OFAI

Tenth Anniversary

of the Austrian Research Institute for Artificial Intelligence 

and

Twentyfifth Anniversary

of the Austrian Society for Cybernetic Studies

In 1969 young Austrian scientists decided to promote the ideas of cybernetics and systems research in Austria and in its capital, Wien (Vienna), especially since the founder of cybernetics was Norbert Wiener.

Obeying the unwritten rules of Austrian bureaucratic procedures - a persisting heritage of the centuries long monarchic tradition - they first founded a Society, named the "Österreichische Studiengesellschaft für Kybernetik (OSGK)" (Austrian Society for Cybernetic Studies), had it registered, and started with activities:

  • Lectures by invited scientists, mostly from abroad (up to now 253),
  • seminars,
  • research projects (among them dangerous ones, e.g. a Simulation Model of the Austrian Health Care System - nobody wanted to know the results!)
  • a journal named "Cybernetics and Systems: An International Journal", (still) published - now even bimonthly! - by Taylor & Francis, Washington, DC, and
  • a conference.
Since they didn't know how many scientists really would participate in that conference, and if, at all, any would show up from abroad (besides perhaps one or two Germans), they anxiously named it European Meeting on Cybernetics and Systems Research, "Meeting" being an appropriate name even if less than a dozen people would attend it.

Surprisingly, more than eighty came, and since then (1972) this conference, held biennially and still called "Meeting" has developed into the world's leading conference on cybernetics and systems research: at the 1994 conference 238 papers were presented, and 408 scientists from 42 countries from all continents (except the Antarctica) participated. Up to now, 22 volumes of conference proceedings have been published, by publishers from England, the USA, the Netherlands, Singapore,... (each time a publisher realized that he could only lose money by publishing the proceedings, it was necessary to switch to another one ;-))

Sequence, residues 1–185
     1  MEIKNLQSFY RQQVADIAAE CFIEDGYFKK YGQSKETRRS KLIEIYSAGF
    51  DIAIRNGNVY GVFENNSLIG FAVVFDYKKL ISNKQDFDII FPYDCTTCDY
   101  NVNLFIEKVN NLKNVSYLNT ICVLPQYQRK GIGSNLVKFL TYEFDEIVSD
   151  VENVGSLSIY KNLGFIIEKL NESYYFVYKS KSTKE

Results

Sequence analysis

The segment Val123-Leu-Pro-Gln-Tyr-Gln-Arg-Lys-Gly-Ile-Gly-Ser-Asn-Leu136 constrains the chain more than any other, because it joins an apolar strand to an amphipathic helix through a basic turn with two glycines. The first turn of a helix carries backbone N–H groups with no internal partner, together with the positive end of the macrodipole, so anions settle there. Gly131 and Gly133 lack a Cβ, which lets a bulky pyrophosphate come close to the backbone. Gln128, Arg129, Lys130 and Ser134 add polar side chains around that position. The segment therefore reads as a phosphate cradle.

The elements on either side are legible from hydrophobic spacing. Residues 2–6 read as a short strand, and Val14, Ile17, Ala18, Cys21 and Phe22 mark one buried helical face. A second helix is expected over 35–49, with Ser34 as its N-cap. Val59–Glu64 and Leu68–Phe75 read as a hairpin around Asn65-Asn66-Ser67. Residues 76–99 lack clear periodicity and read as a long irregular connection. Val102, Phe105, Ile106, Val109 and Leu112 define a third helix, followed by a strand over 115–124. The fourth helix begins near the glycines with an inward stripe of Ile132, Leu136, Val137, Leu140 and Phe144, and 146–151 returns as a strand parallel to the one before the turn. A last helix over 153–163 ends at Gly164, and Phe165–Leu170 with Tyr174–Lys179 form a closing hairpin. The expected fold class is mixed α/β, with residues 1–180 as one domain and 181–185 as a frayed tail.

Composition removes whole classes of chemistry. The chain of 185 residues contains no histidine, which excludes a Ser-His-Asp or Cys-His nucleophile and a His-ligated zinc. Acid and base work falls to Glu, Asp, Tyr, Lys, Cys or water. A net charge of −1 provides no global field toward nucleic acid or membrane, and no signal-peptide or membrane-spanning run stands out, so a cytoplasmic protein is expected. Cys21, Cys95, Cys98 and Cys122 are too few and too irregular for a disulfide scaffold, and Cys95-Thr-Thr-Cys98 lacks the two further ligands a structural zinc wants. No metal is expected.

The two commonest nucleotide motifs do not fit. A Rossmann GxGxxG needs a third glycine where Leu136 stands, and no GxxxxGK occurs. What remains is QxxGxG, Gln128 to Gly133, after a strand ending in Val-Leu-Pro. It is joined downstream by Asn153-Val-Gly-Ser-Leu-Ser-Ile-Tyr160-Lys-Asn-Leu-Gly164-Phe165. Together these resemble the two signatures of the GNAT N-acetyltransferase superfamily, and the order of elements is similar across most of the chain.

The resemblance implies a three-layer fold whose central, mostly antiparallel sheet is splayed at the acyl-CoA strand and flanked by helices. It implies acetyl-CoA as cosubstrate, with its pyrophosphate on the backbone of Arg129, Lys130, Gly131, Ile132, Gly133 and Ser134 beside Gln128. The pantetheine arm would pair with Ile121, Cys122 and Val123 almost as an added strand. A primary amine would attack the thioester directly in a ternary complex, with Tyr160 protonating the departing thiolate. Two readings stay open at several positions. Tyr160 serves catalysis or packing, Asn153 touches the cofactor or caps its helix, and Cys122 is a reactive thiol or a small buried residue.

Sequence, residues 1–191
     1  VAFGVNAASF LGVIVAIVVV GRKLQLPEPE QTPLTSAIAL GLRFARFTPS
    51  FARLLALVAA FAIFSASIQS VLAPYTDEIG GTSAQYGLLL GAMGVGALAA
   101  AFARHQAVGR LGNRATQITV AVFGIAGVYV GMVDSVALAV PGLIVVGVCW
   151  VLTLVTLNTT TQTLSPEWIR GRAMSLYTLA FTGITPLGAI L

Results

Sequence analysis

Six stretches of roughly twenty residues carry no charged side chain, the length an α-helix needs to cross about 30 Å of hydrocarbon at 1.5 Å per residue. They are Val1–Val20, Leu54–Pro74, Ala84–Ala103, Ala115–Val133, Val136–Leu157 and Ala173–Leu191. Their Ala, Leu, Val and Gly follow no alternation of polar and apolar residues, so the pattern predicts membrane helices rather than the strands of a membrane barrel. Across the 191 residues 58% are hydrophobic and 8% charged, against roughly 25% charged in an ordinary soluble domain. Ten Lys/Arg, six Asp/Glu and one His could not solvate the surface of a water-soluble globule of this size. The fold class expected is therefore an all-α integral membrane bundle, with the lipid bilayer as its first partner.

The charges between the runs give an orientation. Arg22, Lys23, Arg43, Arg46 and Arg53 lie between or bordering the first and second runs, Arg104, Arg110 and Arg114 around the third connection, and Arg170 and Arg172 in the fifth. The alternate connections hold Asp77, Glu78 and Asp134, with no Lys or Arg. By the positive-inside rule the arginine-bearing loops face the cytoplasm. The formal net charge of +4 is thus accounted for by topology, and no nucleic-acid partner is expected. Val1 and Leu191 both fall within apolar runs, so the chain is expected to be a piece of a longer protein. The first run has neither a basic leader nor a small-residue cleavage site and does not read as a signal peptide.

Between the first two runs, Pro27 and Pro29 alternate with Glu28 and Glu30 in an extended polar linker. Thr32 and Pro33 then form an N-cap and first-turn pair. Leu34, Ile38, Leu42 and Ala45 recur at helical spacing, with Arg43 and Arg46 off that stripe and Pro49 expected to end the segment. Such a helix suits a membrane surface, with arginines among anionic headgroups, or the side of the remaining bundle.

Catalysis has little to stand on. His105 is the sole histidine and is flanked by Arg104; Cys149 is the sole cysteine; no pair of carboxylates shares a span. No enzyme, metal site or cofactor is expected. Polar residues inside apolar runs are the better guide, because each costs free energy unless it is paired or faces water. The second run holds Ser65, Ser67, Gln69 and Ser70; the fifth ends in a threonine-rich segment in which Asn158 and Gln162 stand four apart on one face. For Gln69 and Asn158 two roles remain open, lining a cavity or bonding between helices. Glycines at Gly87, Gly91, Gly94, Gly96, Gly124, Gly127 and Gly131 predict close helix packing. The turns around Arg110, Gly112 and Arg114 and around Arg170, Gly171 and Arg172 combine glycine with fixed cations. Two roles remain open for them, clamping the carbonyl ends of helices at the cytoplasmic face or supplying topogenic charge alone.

In 1984, the Austrian Government decided on a special program to foster microelectronics and information processing in Austria. Thus, the Austrian Federal Ministry of Science and Research invited the OSGK, being known for doing already quite a lot of research in artificial intelligence, to found the "Österreichisches Forschungsinstitut für Artificial Intelligence (OFAI)" (you got the last words, the first three mean "Austrian Research Institute for") which, in the mean-time.... but in all likelihood you have found already all this information in the other pages of our WWW-server.

The event

On the occasion of the above-mentioned anniversaries, the Austrian Federal Minister of Science and Research and Vice-Chancellor of the Republic of Austria, Dr.Erhard Busek, invited to the Festival Halls of his Ministry, where on Thursday, November 17, 1994, speakers from Austria, Switzerland, Germany, Italy, and the United States are giving an overview about current topics in cybernetics and artificial intelligence, thereby explicating the important position of these sciences both in Austria and world-wide and indicating the directions of future research, applications, and potential implications for humankind.

The Austrian Federal Minister of Science and etc. (see above) Dr.Erhard Busek, welcomes the speakers and the participants and opens the festival meeting.

Prof.Robert Trappl, director of the Austrian Research Institute for Artificial Intelligence, and president of the Austrian Society for Cybernetic Studies (baroque titles, typical for Austria), gives a brief overview about the history and development of both organizations, explains the rationale behind the program (you know it already), and introduces the speakers (reduces their alloted time and adds to his).

Prof. Valentin Braitenberg, in his talk, speaks about language and how a theory of the brain can explain this remarkable human capability.

Prof. Franz Josef Radermacher points to possible consequences of current innovative research on human life. He cites examples from research on building intelligent robots, which - in his view - might lead to systems as cognitively powerful as humans, or even more.

Prof. Patrick Winston talks about how AI techniques can go beyond laboratory prototypes and be turned into products. Examples range from rationally designed drugs to miniature displays that enhance virtual reality. He says that he encourages his students to have wild dreams, but that they have changed their mind about what AI is about: It is no longer believed that AI is for replacing experts and that that could save money. Instead, applications are built to enhance our life and to create new opportunities.

Dr. Gerhard Widmer demonstrates how AI programs can be made to learn about musical expression from examples played to them. This is underlined acoustically, and impressively.

Prof. Nadia Magnenat-Thalmann introduces research at her lab on 3D virtual actors, which eventually should be able to respond to human users emotionally, and live autonomously in a virtual world.

After an exciting dance performance by Willi Dorner and Sonja Balaz (see picture above), Prof. Robert Trappl introduces the latest update of a comprehensive report on artificial intelligence research in Austria, comprising 152 projects.

The event is concluded with a reception by the Austrian Society for Cybernetic Studies, including a delicious buffet. Too bad, multimedia systems like this do not include the transmission of smell and taste, yet.